Jordan Peterson has exploded in popularity over the last 2 years. As with any fame, a great deal of his nuance is lost in the vast echo chambers of trending culture. He manages just fine without it, but I think it’s a real shame, because his best work lies within the extremely subtle and fine points of his arguments. Admittedly, he takes an unapologetic slant towards the far-right wing — if you had spent that much time in academia, you would too. But the point of this post is not to defend or attack Jordan Peterson, but to focus on a specific argument that seems to be thoroughly underappreciated by many.
For example, the author of this Vox article, (which is riddled with jealousy) writes:
[Jordan Peterson] argues that because we evolved from lower creatures like lobsters, we inherited dominance structures from them. Inequalities of various kinds aren’t wrong; they’re natural.
The relationship between human and lobster brains is outside Peterson’s area of academic expertise. Experts in the field who have evaluated his claims have found them lacking, as lobsters’ and humans’ neurological systems are radically different.
Well Vox author, the relationship between human and lobster brains is well within my area of academic expertise. And let me tell you, Jordan Peterson’s argument not only holds up, but can be extended far beyond what he is willing to say. The differences in lobster and human neurobiology is EXACTLY the point. They are drastically dissimilar, as the next line in the article clearly shows:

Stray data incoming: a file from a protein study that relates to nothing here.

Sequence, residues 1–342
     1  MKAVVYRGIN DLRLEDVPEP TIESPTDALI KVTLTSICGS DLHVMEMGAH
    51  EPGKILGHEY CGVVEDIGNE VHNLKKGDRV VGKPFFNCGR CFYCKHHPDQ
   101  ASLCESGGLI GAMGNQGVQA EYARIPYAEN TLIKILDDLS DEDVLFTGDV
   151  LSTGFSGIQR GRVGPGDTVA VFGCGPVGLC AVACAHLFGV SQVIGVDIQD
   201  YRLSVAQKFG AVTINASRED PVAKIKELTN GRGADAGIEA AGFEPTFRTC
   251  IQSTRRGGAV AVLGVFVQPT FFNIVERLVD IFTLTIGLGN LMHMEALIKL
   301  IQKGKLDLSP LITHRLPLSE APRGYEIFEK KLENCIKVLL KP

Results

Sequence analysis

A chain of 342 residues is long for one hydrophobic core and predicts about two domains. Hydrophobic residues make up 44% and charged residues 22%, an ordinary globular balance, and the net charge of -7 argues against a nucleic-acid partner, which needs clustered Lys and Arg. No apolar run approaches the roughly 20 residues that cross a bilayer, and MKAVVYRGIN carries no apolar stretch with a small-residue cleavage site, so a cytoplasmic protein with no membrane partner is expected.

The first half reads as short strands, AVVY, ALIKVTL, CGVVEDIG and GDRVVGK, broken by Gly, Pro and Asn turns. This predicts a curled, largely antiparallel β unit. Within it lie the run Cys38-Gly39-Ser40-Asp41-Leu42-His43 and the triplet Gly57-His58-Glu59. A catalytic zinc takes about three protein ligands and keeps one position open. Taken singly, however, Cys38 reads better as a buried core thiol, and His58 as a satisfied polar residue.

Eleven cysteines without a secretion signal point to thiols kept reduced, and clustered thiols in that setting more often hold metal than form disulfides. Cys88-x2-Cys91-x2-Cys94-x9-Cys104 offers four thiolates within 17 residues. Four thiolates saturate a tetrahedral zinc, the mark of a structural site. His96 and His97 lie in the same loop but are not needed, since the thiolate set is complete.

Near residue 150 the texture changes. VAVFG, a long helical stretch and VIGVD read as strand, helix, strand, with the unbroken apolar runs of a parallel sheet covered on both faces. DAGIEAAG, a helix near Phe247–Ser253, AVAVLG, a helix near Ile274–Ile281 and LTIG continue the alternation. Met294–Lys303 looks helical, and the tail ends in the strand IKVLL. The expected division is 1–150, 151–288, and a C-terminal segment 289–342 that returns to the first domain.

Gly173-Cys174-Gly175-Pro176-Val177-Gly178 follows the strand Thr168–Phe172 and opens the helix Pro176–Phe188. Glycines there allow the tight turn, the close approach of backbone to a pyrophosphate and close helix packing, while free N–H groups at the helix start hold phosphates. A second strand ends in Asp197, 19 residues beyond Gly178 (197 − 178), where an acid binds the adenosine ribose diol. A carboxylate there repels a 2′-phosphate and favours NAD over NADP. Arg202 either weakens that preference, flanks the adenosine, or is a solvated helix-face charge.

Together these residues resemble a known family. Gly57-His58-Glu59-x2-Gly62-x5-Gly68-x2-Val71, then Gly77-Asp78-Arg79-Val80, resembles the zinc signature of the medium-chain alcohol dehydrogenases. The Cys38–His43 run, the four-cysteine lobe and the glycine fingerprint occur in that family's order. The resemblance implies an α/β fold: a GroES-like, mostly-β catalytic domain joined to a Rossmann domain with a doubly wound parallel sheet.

One important distinction is that humans have brains and lobsters (technically speaking) do not.
This only drives Peterson’s point home more strongly. He’s not saying that we are lobsters. Okay, well maybe some of his less nuanced followers are, but he has millions of them. Some are bound to be on the lower end of the bell curve. His point is that dominance hierarchies are MUCH older than human society (and specifically Capitalism). It is irrelevant if lobsters don’t technically have brains, or even if their dominance hierarchies operate in exactly the opposite way that ours do (which, they do). The point is that they have a hierarchy, and it has a shared neurobiological basis with ours (it is evolutionarily conserved).
Amazingly, the specifics of this argument seem to sail right past many academics. Even neuroscientists fail to appreciate his reasoning, which is the basis of all neuroscientific study (that neurobiology is conserved across diverse and varied species). In this article, the author writes:
What’s more, the animal kingdom is full of examples of hierarchies, with the highest level of organisation observed in insects. These are as closely related to us as lobsters are – they also have serotonin and nervous systems.
Exactly!! Now you’re getting it (they aren’t actually getting it). This article is not the first place I’ve heard this argument used. Something along the lines of, “If you think a comparison between human and lobsters is valid, you might as well say that humans were meant to be collectivists because bees (another arthropod that uses serotonin in their nervous system) live in collectivist hives.”
But people can and do use bees as models for human social structure.